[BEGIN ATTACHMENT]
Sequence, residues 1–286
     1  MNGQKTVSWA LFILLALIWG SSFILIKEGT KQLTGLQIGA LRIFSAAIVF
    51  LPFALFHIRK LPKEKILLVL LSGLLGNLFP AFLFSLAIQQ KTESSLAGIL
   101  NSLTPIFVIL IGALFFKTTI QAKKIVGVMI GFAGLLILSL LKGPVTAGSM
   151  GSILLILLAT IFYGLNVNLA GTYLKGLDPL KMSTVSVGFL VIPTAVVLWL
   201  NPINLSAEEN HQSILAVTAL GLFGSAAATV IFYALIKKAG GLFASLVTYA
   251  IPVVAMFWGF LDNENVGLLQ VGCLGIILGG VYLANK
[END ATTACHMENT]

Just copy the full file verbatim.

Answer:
Sequence, residues 1–286
     1  MNGQKTVSWA LFILLALIWG SSFILIKEGT KQLTGLQIGA LRIFSAAIVF
    51  LPFALFHIRK LPKEKILLVL LSGLLGNLFP AFLFSLAIQQ KTESSLAGIL
   101  NSLTPIFVIL IGALFFKTTI QAKKIVGVMI GFAGLLILSL LKGPVTAGSM
   151  GSILLILLAT IFYGLNVNLA GTYLKGLDPL KMSTVSVGFL VIPTAVVLWL
   201  NPINLSAEEN HQSILAVTAL GLFGSAAATV IFYALIKKAG GLFASLVTYA
   251  IPVVAMFWGF LDNENVGLLQ VGCLGIILGG VYLANK